Back in the Setup menu, we selected Wi-Fi Setup. It took so long for the next screen to appear – it just said Empty for several seconds – that we saved in the menu system and tried again. The second time around, it displayed a list of available access points much faster, including our desired network.

Selecting your network from this list will take you to a submenu where you can choose Enter WEP / WPA, to enter an encryption key, or Direct connection if you do not have WEP or WPA security in place.

Aside from the hiccups noted, the network setup went perfectly.

Using the AIR radio is also fairly straightforward. You can use the remote control or the buttons and knobs on the front panel. They include a four-way steering control with Enter button to navigate menus, a large volume dial, a Home button that automatically takes you to the home menu, and five presets for selecting favorite stations.

To get started, select Radio Stations / Music from the Home menu. Like most Internet radio applications, AIR lists available stations by genre — it lists over 75 genres.


While we haven’t counted the stations, we know this is a substantial database. Even the Classical Music category, never one of the most popular, had over 140 stations, many of which we had never encountered before.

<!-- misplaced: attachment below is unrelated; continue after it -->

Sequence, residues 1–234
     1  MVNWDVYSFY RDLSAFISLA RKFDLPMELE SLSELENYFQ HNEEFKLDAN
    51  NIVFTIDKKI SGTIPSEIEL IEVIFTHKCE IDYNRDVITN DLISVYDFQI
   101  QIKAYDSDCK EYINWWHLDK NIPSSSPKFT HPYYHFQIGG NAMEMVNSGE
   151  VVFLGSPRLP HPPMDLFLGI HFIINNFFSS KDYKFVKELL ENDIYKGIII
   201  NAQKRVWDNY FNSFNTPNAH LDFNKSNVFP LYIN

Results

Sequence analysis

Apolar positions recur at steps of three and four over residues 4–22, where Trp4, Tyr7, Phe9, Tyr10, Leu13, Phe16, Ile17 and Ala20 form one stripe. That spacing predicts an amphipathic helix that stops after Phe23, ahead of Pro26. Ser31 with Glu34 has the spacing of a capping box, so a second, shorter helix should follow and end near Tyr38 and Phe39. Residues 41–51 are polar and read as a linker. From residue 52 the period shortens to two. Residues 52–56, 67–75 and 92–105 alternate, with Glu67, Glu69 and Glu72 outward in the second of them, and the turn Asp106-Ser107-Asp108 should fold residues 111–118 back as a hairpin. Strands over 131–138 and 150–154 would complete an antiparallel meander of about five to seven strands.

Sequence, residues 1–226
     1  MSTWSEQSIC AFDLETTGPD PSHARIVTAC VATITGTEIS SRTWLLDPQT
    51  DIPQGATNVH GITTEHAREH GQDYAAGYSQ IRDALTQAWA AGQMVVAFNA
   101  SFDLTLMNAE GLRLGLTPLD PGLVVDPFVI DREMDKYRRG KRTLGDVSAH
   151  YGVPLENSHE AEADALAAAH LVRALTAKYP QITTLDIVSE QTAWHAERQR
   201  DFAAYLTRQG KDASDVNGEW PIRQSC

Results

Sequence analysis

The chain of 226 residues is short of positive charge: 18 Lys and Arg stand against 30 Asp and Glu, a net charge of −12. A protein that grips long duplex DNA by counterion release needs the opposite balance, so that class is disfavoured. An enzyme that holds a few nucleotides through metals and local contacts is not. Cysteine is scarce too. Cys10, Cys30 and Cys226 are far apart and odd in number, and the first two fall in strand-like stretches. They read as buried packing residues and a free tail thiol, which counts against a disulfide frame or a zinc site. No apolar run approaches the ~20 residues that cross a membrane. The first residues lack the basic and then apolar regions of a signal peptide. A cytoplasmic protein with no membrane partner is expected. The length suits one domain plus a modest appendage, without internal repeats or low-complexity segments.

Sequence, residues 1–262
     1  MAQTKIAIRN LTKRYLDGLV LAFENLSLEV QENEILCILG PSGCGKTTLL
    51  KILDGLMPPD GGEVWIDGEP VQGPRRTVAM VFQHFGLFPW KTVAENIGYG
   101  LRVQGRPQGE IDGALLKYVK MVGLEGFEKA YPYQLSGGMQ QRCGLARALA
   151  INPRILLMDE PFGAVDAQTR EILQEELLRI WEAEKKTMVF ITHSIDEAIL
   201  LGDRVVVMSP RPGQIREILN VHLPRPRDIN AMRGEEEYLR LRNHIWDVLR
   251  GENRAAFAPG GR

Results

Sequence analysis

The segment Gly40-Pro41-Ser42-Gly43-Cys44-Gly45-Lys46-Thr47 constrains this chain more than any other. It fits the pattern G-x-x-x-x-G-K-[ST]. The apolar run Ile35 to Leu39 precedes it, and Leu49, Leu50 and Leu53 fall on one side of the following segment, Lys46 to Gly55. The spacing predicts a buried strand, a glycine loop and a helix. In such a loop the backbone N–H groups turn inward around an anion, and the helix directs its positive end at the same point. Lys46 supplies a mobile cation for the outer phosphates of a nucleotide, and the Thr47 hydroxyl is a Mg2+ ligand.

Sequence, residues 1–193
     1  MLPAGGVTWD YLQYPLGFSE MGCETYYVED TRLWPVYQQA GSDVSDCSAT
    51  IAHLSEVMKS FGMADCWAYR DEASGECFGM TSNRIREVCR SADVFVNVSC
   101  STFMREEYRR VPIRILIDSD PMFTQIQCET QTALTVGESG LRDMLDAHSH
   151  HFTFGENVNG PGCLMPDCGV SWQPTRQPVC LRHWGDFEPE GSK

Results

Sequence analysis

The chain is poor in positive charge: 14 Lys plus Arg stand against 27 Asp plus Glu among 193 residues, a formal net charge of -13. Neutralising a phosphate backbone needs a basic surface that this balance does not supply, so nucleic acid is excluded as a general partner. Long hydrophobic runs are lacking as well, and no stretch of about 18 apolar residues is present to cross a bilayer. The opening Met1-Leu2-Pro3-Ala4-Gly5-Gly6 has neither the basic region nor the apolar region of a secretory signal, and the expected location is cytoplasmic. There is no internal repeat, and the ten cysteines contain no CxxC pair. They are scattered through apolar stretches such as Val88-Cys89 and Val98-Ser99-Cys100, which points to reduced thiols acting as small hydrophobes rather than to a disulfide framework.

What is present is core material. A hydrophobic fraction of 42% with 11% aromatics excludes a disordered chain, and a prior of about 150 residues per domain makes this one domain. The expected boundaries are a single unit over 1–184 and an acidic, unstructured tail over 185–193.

AIR also allows you to select stations by country / location. Almost every country in the world is represented. For the United States, you choose by state.

We encountered stations in the radio list that were not playing. But, that is the nature of Internet radio. Some Internet-only stations are not operated by professionals and may no longer be broadcast for a number of reasons. Some may have a limit on the number of users who can log in simultaneously. Others are programmed to be out of air at times. And sometimes stations change web servers and IP addresses.

However, Asus regularly updates its database. Selecting version update in the Home / Configuration menu updates the station list in less than a minute and returns you to listening to the station currently playing before starting the process.